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Prioritization, not polarization, is Catholic media’s role, bishop says

The Church’s role is to bring light to the people, said Bishop Barron at virtual Catholic Media Conference

WASHINGTON — The top priority of the Church is to “proclaim the word of God,” said Auxiliary Bishop Robert E. Barron of Los Angeles in a June 10 keynote address during the Catholic Media Conference.

“This prioritization is important today,” Bishop Barron said, over some “false dichotomy, pitting one against the other.”

He spoke on the last day of the Catholic Media Association’s annual conference. Held June 8-10, it took place virtually for the second year in a row due to concerns about COVID-19.

“What are our parishes? Ought they to become, perhaps, centers of evangelization?” he asked. “Are they being shaped to evangelize the culture? I wonder what a reprioritization would look like.”

The Church’s role is to bring light to the people, he added. “What does that have to do with Catholic media?” Bishop Barron queried. “Pretty much everything. … Our primary purpose is to declare the resurrection of Jesus from the dead.”

He added, “We who are involved in Catholic media do a lot of things, say a lot of things, but are we about the ‘primum officium’?” — the Church’s primary responsibility. “What do we cover? What do we pay attention to? … We look at those areas of the world where Jesus’ lordship of the world is being maintained. Where do we see the lordship of Jesus on display so that we might see it in the wider world?”

Evangelization was just one theme Bishop Barron touched on during his remarks. Two others were social media and synodality.

Ordained a priest of the Archdiocese of Chicago in 1986, Bishop Barron said he had a sense in the 1990s that “we’re not doing enough with the tools that we have,” well before the explosion of social media. Complaining about this to an older priest, he said the senior cleric retorted, “Well, what are YOU doing about it?”

“From that came Word on Fire Ministries,” which Bishop Barron founded. “And from that came the ‘Catholicism’ series.”

In his youth, finding a Catholic bookstore — even in a big city like Chicago — was a tough chore, he recalled. And, if someone read something they didn’t like in a periodical, they had to find a piece of paper, a typewriter, an envelope, a stamp and the publication’s mailing address to write a letter to the editor — which might not ever see print.

That was then. “Now, someone — everyone in his mom’s basement — can fire off the most vituperative, obscene, irreverent thing, and there’s no filter,” Bishop Barron said. “There’s nothing to stop you. … It’s there 24/7 all over the world.” As a result, there is a “fetid quality” to the online discourse, including what he called a “fake-backbone phenomenon: ‘No, I got backbone because I told that guy off.’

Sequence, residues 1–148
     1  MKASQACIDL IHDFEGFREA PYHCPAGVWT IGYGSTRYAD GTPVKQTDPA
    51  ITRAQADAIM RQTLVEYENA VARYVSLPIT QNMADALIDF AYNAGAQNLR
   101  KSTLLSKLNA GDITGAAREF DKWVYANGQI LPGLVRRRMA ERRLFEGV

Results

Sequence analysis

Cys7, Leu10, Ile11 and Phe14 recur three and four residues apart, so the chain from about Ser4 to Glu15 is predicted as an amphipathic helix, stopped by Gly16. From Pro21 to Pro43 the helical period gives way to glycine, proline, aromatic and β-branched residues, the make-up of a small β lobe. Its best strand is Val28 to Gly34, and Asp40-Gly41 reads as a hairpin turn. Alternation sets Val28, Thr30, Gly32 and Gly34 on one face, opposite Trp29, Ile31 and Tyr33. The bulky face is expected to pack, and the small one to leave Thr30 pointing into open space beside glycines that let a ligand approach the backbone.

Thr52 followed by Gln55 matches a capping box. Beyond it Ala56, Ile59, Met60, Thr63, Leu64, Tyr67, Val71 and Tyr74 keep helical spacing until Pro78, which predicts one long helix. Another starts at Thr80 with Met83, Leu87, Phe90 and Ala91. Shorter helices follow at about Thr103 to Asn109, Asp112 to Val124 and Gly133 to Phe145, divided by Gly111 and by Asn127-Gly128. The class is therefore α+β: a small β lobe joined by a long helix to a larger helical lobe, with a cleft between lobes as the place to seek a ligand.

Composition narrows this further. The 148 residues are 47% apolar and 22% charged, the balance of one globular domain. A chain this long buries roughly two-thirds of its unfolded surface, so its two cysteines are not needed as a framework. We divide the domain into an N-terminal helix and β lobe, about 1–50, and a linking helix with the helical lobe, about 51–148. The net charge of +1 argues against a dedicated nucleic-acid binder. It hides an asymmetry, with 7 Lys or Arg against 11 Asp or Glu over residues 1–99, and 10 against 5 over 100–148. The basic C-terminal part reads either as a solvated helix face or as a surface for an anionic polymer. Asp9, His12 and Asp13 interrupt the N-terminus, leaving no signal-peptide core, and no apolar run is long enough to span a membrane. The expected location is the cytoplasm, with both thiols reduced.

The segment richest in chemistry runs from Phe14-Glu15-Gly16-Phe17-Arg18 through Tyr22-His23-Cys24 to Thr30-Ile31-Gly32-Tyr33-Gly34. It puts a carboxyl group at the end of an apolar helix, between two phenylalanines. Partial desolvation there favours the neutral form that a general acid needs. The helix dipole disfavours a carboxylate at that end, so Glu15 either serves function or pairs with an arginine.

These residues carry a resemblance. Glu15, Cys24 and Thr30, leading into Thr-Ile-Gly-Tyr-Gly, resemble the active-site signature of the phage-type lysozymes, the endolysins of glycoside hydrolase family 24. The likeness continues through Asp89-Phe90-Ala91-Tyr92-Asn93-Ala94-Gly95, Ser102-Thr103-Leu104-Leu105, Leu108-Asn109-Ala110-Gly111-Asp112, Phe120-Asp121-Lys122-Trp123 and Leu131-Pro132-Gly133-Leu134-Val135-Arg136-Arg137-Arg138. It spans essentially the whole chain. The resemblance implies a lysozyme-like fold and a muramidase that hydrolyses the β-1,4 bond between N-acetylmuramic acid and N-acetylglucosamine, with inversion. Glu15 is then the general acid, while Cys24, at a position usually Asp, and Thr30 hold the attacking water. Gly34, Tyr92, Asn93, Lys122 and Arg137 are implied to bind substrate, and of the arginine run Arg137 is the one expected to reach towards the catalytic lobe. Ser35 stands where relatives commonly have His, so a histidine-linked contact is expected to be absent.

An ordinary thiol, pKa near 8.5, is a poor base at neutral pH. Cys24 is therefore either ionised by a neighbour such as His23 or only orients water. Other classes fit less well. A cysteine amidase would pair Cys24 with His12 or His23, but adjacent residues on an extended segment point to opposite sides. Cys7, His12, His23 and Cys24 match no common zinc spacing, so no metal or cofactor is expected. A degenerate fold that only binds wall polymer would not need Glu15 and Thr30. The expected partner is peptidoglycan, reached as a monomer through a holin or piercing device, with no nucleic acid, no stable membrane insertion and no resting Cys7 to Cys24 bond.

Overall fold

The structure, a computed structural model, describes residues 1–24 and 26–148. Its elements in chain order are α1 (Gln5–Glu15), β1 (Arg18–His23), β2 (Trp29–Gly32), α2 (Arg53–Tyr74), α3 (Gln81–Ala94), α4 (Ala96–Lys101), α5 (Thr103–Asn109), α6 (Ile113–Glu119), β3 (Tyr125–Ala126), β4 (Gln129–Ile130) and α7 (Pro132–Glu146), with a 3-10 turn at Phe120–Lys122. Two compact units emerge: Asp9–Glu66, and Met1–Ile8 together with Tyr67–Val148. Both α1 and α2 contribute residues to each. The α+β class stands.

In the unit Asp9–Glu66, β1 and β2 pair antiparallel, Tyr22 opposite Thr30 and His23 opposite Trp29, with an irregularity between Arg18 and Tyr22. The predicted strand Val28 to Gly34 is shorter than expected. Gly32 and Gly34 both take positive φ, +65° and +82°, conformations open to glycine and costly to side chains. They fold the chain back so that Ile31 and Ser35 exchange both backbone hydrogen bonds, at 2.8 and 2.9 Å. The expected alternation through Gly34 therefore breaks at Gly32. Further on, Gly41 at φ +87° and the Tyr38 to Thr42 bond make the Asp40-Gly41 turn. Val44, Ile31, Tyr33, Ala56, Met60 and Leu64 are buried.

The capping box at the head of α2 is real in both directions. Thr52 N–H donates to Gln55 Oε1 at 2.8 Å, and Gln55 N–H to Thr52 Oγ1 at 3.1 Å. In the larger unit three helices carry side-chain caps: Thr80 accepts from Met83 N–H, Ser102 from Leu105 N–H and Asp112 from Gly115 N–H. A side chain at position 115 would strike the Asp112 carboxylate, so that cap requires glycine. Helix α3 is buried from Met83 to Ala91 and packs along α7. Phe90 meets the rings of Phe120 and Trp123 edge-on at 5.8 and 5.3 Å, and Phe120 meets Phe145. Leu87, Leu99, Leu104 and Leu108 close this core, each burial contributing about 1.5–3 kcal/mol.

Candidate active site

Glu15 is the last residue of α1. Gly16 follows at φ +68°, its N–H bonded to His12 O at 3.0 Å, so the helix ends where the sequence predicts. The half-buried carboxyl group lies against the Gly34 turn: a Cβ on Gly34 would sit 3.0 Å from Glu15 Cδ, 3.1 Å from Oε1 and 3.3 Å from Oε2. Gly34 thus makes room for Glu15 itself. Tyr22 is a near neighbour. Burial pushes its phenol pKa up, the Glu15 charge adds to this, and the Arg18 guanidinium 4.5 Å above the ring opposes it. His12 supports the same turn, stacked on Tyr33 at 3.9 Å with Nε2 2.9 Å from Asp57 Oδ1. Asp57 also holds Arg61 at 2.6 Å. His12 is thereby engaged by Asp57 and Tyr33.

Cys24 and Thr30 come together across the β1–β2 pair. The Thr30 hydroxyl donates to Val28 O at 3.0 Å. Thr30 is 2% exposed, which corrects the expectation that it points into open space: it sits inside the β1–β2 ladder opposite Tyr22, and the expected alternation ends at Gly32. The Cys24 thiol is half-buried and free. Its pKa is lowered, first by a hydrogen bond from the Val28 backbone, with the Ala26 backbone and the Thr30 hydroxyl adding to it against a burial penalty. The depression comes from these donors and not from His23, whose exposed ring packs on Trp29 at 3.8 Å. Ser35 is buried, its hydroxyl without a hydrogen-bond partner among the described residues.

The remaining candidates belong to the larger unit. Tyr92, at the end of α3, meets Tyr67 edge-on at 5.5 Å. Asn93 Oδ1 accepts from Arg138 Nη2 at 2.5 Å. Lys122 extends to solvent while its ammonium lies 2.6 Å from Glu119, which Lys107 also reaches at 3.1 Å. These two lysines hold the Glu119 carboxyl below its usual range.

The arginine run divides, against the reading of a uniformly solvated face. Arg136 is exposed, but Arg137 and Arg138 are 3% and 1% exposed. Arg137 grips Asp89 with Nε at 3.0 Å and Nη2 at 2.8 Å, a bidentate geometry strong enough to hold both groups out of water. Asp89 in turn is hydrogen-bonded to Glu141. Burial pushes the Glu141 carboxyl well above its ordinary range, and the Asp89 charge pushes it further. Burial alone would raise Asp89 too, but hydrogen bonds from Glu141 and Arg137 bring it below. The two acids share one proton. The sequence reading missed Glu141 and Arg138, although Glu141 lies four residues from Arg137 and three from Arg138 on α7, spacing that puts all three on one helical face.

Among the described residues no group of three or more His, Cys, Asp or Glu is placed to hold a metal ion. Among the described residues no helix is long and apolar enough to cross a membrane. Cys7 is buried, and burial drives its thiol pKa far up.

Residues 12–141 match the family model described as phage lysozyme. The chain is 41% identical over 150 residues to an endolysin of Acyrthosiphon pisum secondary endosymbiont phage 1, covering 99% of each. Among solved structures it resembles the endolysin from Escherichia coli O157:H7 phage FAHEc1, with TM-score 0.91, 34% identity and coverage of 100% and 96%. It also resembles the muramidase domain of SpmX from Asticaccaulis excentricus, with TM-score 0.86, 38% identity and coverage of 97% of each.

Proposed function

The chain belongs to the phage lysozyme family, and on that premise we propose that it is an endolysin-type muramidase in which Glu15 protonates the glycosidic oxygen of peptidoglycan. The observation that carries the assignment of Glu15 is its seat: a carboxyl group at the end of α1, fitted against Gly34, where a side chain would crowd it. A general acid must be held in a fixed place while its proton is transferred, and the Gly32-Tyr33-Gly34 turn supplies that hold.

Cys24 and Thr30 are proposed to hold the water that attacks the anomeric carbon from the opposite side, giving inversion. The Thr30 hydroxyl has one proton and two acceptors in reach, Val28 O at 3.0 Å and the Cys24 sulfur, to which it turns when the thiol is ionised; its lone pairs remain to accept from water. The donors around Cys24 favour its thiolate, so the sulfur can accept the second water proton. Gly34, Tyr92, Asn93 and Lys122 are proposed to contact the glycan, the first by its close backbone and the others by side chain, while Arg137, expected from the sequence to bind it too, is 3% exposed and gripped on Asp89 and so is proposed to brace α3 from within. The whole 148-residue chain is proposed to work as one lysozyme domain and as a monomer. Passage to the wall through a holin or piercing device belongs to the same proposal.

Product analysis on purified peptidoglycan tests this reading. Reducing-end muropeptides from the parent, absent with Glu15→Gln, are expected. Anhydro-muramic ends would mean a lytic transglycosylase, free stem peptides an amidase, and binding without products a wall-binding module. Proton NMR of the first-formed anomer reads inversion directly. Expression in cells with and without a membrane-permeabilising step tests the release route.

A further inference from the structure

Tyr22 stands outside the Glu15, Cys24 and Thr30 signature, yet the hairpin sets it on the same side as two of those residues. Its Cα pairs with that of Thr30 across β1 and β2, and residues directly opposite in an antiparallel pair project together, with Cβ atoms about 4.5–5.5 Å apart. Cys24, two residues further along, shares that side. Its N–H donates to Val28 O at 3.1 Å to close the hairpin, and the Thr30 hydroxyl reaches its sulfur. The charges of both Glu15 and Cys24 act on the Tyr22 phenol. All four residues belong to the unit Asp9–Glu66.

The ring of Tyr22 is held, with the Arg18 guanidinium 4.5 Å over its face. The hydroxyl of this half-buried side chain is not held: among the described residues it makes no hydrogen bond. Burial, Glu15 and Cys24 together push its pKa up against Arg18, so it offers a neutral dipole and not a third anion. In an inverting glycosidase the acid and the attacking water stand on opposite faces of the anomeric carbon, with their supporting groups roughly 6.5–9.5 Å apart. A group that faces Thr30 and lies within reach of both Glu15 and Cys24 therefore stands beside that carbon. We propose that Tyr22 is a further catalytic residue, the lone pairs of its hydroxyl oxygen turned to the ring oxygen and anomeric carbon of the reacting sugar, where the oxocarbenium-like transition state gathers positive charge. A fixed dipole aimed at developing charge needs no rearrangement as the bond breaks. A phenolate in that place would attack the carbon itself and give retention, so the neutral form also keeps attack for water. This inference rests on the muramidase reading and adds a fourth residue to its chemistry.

“We all get drawn into this” and other social media ills, he said, and did not exclude himself.

He suggested coming off with less certitude in one’s postings, taking on an air of “Is it true what I’m saying? I know it sounds simplistic.”

Another avenue would be to avoid the “straw man” argument and “try instead the “steel man” approach. “(St. Thomas) Aquinas often put up his opponents’ positions even stronger than they did.”

Bishop Barron also said would-be posters should ask themselves before they hit “send”: “Is it loving? … I’m not saying we have to write nothing but Hallmark cards,” but “is it loving? Is it willing the good of the other?”

Anchored in hope

Seeing the signs of the times through the lens of wisdom and hope is not only a professional requirement for Catholic journalists, but also a deeply personal matter, Archbishop William E. Lori of Baltimore told Catholic Media Conference attendees watching a livestreamed Mass from Baltimore’s Cathedral of Mary Our Queen.

In his homily for CMC’s annual memorial Mass June 9, the archbishop reflected on the theme for the conference, “Anchored in Hope.” He selected a reading for the Mass from the Letter to the Hebrews in which St. Paul referred to Jesus’ intercession for us: “This we have as an anchor of the soul, sure and firm, which reaches into the interior, behind the veil” (Hebrews 6:19). The archbishop said, “In other words, even as we encounter, describe and seek to address life’s problems, already we are anchored firmly in heaven where Christ is seated at God’s right hand.”

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